Smart Waste

Waste monitoring helps Ekocharita reduce costs by 20%

A textile waste company has significantly improved its waste collection services by monitoring the fill-levels of 600 of its containers in real-time via smart sensors.

In a pilot smart bin project, a textile waste collection company reduced its waste collection costs by 20%.

Ekocharita started installing waste sensors sourced from software developer Sensoneo in January 2021.

By the end of June, the company was able to establish-from data gleaned from 600 containers-that the use of sensors helped decrease the collection time for 1 tonne of textile waste by 30%, reduced overall waste collection costs by 20% whilst rendering the overall logistics of the operation more smooth.

Ekocharita manages 1300 containers for clothes, shoes, toys and home textiles within an area of 16000 km².

Waste collection for textile waste is complicated by the fact that consumers bring unwanted clothes to collection depots or drop-off locations at irregular times. As such, it is difficult for waste drivers to predict when bins will be full-this renders the logistical operation of waste collection difficult, putting managers under high financial as well as time pressure. Real-time online monitoring via sensors could help streamline the process while reducing costs.

The deployed Sensoneo sensors monitor container fill levels 24 times per day. They also provide fire and tilt alarms whilst monitoring temperature.

Initially opposed to implementing new technologies, drivers working for Ekocharita are now keen to make use of the service. "Even those who said that 'I will not use it;I can’t do it with a smartphone' are the first to open a smartphone at six in the morning, make 12 red dots along the way, and at 10:00 they are back with a full car," said Juraj Kunak, a driver for Ekocharita.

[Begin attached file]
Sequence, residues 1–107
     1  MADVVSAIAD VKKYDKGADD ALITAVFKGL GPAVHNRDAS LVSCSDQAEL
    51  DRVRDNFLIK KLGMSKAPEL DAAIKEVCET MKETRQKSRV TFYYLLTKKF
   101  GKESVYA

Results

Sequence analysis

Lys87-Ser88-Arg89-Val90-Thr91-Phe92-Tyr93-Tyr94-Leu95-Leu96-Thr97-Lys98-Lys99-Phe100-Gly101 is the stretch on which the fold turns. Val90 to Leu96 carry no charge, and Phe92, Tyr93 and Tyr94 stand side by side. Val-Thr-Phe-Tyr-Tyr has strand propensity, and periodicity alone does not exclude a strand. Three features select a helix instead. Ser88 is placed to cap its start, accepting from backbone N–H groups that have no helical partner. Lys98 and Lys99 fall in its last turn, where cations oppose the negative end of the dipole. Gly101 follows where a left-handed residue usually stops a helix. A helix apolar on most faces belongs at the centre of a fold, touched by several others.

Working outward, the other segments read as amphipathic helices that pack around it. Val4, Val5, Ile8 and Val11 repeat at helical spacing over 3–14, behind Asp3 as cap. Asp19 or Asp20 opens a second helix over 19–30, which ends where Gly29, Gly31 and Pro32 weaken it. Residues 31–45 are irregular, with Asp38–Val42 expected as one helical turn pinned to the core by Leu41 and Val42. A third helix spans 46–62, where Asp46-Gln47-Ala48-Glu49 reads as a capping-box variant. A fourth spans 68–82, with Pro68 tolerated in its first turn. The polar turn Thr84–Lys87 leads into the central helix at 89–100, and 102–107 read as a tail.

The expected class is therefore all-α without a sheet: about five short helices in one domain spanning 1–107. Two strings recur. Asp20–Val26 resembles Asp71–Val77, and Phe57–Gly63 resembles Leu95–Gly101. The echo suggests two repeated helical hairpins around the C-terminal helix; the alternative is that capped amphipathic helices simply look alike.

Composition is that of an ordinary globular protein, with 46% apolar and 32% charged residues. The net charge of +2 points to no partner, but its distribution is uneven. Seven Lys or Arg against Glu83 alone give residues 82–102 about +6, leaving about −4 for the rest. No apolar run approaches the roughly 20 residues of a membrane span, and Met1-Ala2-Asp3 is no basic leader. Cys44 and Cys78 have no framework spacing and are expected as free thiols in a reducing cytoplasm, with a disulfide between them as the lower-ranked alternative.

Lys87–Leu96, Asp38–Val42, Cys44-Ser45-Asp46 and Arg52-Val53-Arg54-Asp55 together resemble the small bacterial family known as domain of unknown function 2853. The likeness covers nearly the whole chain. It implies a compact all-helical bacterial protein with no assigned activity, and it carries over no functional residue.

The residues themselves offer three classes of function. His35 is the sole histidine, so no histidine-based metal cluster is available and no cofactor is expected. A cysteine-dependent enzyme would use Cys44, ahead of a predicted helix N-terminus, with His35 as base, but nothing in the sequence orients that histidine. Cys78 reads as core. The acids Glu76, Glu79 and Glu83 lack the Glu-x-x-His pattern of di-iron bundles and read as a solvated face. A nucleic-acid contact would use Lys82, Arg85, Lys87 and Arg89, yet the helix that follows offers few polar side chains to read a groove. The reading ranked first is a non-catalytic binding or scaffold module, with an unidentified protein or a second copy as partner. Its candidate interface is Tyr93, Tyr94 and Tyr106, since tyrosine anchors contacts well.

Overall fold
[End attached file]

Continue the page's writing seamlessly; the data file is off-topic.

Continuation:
Smart monitoring has allowed drivers to perfection collection routes as they can now easily identify which containers really require pick-up. Prior to the digitisation of the entire operation, drivers collected textile waste according to individual estimation.

"They were driving for 8-9 hours to collect a full car. They were running in circles and let’s say in 6 months the drivers were completely burnout. Now they can start at 7 or 8 and can be finished by 12:00 or by 1-2:00 PM and they can go back home to their families."

Said method not only helps drivers manage their time more efficiently but also serves to speed up waste collection as drivers do not come away empty when making collection trips, as 1 out of 5 was wont to do on a regular basis according to Kunak.

Ekocharita states that smart monitoring does not only allow for quick and efficient waste collection whilst preventing container overflow but also proves a distinct advantage when extending business operations over new, relatively unknown areas, as the technology in question allows for the easy replacement of competitors working in said areas.